Companies of all sizes store their data on external servers every single day, whether they know it or not. This could be an organization whose employees bring their own devices and use file storage and sharing apps that the IT department isn’t aware of, or it could be a business looking to eliminate IT infrastructure costs and leverage the convenience of the cloud by moving data offsite.
One step that companies and individuals must take in order to use cloud storage is accept the provider’s terms and conditions. However, both organizations and individuals often fail to actually read those terms and conditions prior to clicking the "accept" button, putting companies in precarious positions that leave their data vulnerable to risk. What do you get in the fine print? Sometimes, it’s not as simple -- or pretty -- as you might think.
It is extremely important, regardless of company size, to understand where your data is going and what your rights are. More often than not, there are provisions buried deep within the terms and conditions that give providers rights to change, alter or even delete files. Providers also build in safeguards to absolve themselves of liability in the event of a security breach.
It's critical companies not only understand the terms of the programs their employees are using for BYOD, but also those for the cloud sharing and storage resources designated by the company. Going in with eyes wide open is the only way to fully understand your rights and protect corporate data.
Here are six questions all organizations must ask when evaluating cloud sharing and storage providers, either on a company level or for employee devices:
1. What is the service provider’s level of access and who holds the encryption keys? Many agreements call for unfettered access to data stored on a provider’s servers and most providers actually hold the encryption keys, so snoops or hackers can access encrypted data because the keys are stored alongside the files.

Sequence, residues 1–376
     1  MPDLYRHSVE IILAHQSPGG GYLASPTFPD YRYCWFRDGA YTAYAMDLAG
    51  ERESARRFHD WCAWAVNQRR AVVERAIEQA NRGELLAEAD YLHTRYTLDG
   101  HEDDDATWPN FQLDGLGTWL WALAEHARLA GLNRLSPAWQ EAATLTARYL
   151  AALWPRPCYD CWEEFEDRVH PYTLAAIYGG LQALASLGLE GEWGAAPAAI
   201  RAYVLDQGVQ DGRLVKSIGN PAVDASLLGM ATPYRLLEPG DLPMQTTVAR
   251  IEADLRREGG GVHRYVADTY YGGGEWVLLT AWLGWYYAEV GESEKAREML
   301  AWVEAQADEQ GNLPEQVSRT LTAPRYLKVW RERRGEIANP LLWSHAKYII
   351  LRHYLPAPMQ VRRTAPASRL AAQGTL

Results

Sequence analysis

2. Can the provider change or alter your information? Believe it or not, when you click "accept," you are giving some providers the right to change, alter or copy your data without your knowledge. This is often positioned by providers as necessary for backup or formatting reasons.
3. Can the provider change the service at any time? Is there a clause stating that service may be changed or suspended at any time or does your provider need to give ample notice to allow you to remove/retrieve your data before changing the service terms?
4. When do fees kick in? Many providers start with freemium models, but charges can pile on quickly. Be sure to know what your needs are and the storage thresholds in order to be thoroughly prepared from a budget perspective.
5. Does the provider assume liability if its servers are compromised? In general, providers rarely assume responsibility for any consequences resulting from a security breach.
6. What happens when the contract ends? Since your data is stored remotely, you’re no longer in possession of it, so you need to be sure you can get your data back -- particularly if the provider is the one who terminates the contract.
[Read Howard Marks' analysis of the collapse of cloud storage provider Nirvanix in "The Nirvanix Failure: Villains, Heroes, and Lessons."]
Many organizations don’t realize the level of inherent trust they must put in their cloud service providers once they hit the accept button on those terms and conditions. It's extremely important that organizations understand their data rights when using someone else’s infrastructure.
The cloud is extremely beneficial and has allowed small companies to grow and large companies to accommodate a geographically diverse workforce. With those benefits come risks, and companies must ask the right questions before signing on the dotted line.Peter Long is the CEO of Lockbox, a cloud privacy service. Peter has more than 20 years of experience in the networking and communications industry. He has held senior technical, marketing, and management positions in Australia and the U.S., including an eight-year stint in ... View Full Bio